Stargate Universe: Conflict, Realism, and Boobgate
I’ve been putting off watching the remainder of Stargate Universe’s first season because, to be perfectly honest, it’s kind of a drag to watch.
The two previous television incarnations of the Stargate mythos—SG-1 and Atlantis—worked well as formula genre television. There were really fun good guys, really entertaining, over-the-top bad guys (seriously, Apophis), plenty of space battles, aliens, and cool retro-future steampunk civilizations to explore on a weekly basis.
SGU is a willing departure into a more “real” science fictional world. When The Destiny’s accidental human crew encounter alien technology, they aren’t able to figure it out in all of 5 seconds. They’re also susceptible to the “real” emotional strain of being trapped in another galaxy on a mysterious ship with no idea where they’re heading and if they’ll ever get home. That, it seems, is the whole point of SGU- to prove to the audience that real space exploration, should humans ever get to try it, will not be all “open hailing frequencies” and exciting human-alien relationships, but an intense psychologically challenging experience that will force us to question everything we think we know about ourselves.
You know, kinda like … BSG, except without any appealing characters.
In fact, in SGU, space travel seems to take everyone’s flaws and amplify them tenfold. The show’s mantra (for the first half of the season at least) was always “This is the wrong crew, in the wrong place.” In other words, these characters are not highly skilled super humans who were born to whiz through space being awesome. They’re flawed people who either crumble under pressure or overcome their inadequacies depending on what the writers need them to do that week.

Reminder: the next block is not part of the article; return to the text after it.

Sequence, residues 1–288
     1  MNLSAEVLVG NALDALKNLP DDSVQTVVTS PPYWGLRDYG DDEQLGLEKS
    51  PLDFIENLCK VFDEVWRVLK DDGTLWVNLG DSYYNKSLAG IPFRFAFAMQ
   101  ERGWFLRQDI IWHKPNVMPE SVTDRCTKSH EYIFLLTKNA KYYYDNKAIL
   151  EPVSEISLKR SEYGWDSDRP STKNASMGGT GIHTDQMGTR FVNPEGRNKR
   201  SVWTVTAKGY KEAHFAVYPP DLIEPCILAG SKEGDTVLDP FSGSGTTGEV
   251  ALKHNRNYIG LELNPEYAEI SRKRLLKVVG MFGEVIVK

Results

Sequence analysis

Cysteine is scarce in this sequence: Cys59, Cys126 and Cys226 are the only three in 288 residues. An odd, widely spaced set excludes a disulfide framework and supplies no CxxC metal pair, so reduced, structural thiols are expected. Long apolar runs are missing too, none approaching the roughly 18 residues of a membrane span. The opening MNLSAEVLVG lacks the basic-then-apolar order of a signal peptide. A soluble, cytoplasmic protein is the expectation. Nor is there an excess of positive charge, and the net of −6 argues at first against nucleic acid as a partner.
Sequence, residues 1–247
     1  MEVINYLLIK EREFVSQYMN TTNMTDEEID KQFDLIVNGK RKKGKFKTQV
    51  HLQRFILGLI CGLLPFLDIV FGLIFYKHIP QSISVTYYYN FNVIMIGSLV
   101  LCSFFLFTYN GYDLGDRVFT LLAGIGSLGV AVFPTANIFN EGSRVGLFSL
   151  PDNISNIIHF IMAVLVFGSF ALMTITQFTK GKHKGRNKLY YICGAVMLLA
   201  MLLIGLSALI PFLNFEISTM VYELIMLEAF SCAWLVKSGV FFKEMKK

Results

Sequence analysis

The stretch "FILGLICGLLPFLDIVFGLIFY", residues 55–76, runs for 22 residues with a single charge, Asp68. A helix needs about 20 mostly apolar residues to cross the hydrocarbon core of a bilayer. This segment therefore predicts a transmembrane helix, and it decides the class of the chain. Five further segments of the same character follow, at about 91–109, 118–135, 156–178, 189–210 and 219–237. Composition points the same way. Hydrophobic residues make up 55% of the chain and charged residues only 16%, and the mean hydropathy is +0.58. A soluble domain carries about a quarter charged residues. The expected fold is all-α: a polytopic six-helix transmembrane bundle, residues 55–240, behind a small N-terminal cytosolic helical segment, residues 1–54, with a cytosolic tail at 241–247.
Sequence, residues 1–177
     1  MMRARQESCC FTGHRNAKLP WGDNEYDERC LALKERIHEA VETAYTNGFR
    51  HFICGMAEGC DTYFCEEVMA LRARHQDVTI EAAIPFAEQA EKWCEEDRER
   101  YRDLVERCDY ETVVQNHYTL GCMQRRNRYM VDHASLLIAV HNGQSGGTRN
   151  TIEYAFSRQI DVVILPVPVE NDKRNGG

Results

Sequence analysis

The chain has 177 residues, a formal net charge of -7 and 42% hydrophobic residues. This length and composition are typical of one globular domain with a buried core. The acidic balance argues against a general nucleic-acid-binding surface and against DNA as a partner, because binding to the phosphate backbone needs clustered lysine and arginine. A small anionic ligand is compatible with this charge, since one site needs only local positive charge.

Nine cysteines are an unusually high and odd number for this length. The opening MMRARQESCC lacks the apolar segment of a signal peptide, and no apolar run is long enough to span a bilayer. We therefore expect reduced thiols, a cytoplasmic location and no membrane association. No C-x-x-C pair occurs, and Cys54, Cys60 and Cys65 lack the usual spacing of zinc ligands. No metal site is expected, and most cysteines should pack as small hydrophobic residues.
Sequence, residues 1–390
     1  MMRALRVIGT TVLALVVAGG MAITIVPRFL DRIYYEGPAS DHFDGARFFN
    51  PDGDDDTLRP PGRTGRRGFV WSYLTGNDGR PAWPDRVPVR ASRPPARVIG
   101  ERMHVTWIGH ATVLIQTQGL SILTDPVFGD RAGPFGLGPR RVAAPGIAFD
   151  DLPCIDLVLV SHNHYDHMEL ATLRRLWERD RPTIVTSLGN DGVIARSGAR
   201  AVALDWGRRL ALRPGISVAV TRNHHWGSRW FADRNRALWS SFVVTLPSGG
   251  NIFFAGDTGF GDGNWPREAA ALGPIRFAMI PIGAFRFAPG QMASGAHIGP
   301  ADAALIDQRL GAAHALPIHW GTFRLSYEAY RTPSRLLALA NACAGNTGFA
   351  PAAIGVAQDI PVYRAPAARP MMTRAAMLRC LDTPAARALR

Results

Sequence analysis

After the first half of the season, which I dutifully watched hoping that things would get more exciting and less dour, I was almost relieved when the show went on its mid-season break. One less obligation to watch the frustratingly “real” characters undergo a series of psychological tests, masquerading as space exploration. Because the more I watched SGU, the more I felt that too much reality in a science fiction show can really suck the life out of a series. And as much as I wanted to pretend like Stargate Universe was going to be a decent show, week after week it sucked the life out of me. (*One noteworthy exception: the episode “Time”).
So where does SGU stand now? The post-hiatus episode “Space” was okay—kudos for 1) aliens, and 2) a space battle. But what really stood out in the episode (and not in a good way) was not the alien/human conflict, but the internal crew conflicts. Col. Young vs. Rush, Col. Young vs. Camille, Eli vs. Everything, the civilians vs. the military…it just doesn’t stop. I get it, ok? When you take a bunch of humans and trap them on a ship, they act out all their petty human tendencies. Yada yada yada. I want more aliens.
No matter what side of the SGU line you fall—whether you think it’s a great step in the right direction for grittier, more reality-based sci-fi, or whether you think it’s a giant, boring flop, SGU and Google Analytics has proved one very reality-based truth about it’s very real human audience: People like Julia Benson’s boobs.
Since early April, when SGU started airing new episodes, and featuring actress Julia Benson more prominently, about 40% of the traffic on my little personal blog has been devoted to people desperately seeking more information about Benson and her boobs. At first I thought it was a random spike due to the return of SGU. But the searches have remained consistent- every day, more and more people end up here because they think I might be able to shed new light on Benson’s boobs.
They are of course sorely disappointed, but their trail of desperation remains alive and well in my analytics, bringing me all sorts of reasons to giggle at the inventive search terms they’re inputting into the google machine:
If the SGU writers/producers and Syfy execs can be sure of anything, it’s that when Julia Benson flashes across the scene, their largely male audience pays attention.
I’m renaming this whole phenomena SGU’s “Boobgate.”
Here’s the original post that the boob-oglers keep landing on.